Three Senior High School Athletes Sign National Letters of Intent with Stanford Basketball
Nov. 14, 2001
Stanford, Ca - Three outstanding high school seniors have signed national letters of intent to play basketball at Stanford University, according to Cardinal head coach Mike Montgomery.
The three new recruits, who will enroll at Stanford in the Fall of 2002, are Dan Grunfeld, a 6-foot-6, 200-pound forward from Glendale, Wisc., Jason Haas, a 6-foot-2, 175-pound guard from Blairstown, NJ, and 6-foot-10, 205-pound forward Matt Haryasz from Page, Arizona.
Grunfeld, the son of former NBA player and current Milwaukee Bucks general manager Ernie Grunfeld, is a 6-foot-6, 200-pound shooting guard who averaged 17.2 points, six rebounds and shot 42 percent from three-point range in leading Nicolet High School in Glendale, Wisconsin, to an 18-3 record last year and a 14-0 mark in the North Shore Conference.
'Dan is a basketball junkie,' said Montgomery. 'He knows how to play the game and can shoot it deep. At 6-foot-6, he can handle the pass and rebound the ball. He's learned from being around great players and his dad, and it shows in the way he plays.'
Grunfeld, who gained all-league honors last year, attracted the college recruiters after scoring 45 points in a game at the adidas Big Time Tournament in Las Vegas during the summer of 2001 and was named to the all-tournament team. Grunfeld also was named by The Sporting News as the Best Shooter out of more than 3,000 players. Grunfeld also has been named a pre-season honorable mention All-American by Street & Smith's.
'I just thought Stanford was the best fit for me,' said Grunfeld. 'It has good people, diversity, good athletics and good academics. I really enjoyed being around the players and coaches during my visit.'
'Offensively, he brings the whole package to the game,' said his high school Paul Hepp. 'He can shoot the deep three, post up and slash to the basket. Dan is one of those once-in-a-lifetime players. He is the true definition of a student-athlete. Dan is a person with great character.'
Haas is a 6-foot-2, 175-pound point guard, who played for Penns Valley High School in Centre Hall, Pa, last year. This year, Haas is attending the Blair Academy in Blairstown, New Jersey. Haas averaged 24 points, and five assists per game last year as he led his team the regional semi-finals with a 22-6 record.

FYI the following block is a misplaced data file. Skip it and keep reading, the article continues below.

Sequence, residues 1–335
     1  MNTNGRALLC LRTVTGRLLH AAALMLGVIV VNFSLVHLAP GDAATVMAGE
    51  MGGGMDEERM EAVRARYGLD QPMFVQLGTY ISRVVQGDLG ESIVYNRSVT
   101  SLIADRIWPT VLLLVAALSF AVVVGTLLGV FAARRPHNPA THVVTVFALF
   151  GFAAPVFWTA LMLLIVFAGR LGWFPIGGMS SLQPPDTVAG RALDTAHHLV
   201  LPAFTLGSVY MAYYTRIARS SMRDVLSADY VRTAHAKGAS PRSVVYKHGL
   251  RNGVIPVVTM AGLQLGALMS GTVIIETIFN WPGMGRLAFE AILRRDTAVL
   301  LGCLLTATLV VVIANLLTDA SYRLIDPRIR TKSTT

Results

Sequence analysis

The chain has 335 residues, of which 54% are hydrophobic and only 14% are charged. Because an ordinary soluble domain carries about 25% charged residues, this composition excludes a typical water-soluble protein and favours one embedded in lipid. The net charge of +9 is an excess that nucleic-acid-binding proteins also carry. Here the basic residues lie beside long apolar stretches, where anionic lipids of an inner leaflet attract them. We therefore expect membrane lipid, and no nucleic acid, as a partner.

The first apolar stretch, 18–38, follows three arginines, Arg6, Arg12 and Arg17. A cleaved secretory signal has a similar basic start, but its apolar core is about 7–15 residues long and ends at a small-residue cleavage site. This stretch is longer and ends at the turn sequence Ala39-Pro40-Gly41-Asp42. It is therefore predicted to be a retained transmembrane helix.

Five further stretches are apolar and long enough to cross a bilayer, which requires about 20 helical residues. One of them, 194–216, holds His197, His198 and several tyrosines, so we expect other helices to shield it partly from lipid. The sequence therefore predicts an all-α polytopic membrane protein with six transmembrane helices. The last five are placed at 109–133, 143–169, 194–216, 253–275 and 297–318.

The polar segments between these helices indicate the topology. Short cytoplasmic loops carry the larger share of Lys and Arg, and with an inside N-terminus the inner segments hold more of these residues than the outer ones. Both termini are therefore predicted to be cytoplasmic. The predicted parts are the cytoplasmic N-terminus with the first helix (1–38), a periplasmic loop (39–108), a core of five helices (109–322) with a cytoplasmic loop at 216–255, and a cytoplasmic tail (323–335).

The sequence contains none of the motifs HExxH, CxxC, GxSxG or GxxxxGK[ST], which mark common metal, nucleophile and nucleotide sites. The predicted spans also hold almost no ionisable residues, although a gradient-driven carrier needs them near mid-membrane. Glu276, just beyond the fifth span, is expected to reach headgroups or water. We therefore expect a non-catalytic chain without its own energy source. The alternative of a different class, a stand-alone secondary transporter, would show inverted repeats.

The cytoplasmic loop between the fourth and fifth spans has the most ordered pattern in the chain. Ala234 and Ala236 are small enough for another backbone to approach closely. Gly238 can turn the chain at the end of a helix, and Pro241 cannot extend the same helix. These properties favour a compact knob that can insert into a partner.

'He's a little underrated and really fits the bill for us,' said Montgomery. 'He knows how to run a club and has a toughness to him. We're real fortunate to find him. He's a great addition.' Haas hit 48 percent from three-point territory, 95 percent from the free throw line. For his efforts, Haas was named all-state and all-league MVP among numerous post-season accolades. In a game against Mt. Union, Haas scored 40 points.
'Stanford is the best place for me and will help me succeed on-and-off the basketball court,' said Haas.
According to his high school coach, Joe Mantegna, 'Haas is a fundamentally-sound guard who has a keen eye for passing the ball, making his teammates better, having a high basketball I.Q, and scoring when needed.'
Haryasz, a 6-foot-10, 200-pound forward, averaged 15 points, seven rebounds and six blocks per game last year in helping lead Page (Arizona) High School to a 22-8 record, the league and regional titles, and a trip to the Elite Eight in the state playoffs.
'This is a great opportunity,' said Haryasz (pronounced HARRY-es) who shot 54 percent from the floor, and set two school records for blocked shots in a game (nine in the first round of the state playoffs) and single season blocks with 80. 'Stanford has offered me an excellent basketball program along with an excellent academic environment.'
In one game last year, Haryasz scored 30 points, grabbed 12 rebounds and blocked nine shots. For his efforts during the season, Haryasz gained all-league and all-state honors.
'Since he's located in Page (on the Arizona-Utah border), Arizona, not a lot of people have had the opportunity to see him,' said Montgomery. 'He's an active, skilled big man with a great future. He runs the floor well and has unusual skills for a guy his size. We're very fortunate he chose Stanford.'
Haryasz also has competed in the high jump and long jump on the track & field team.
'Matt is an outstanding young man,' said his high school coach Aaron Anderson. 'He is a talented, hard-working player and he has a bright future in basketball.'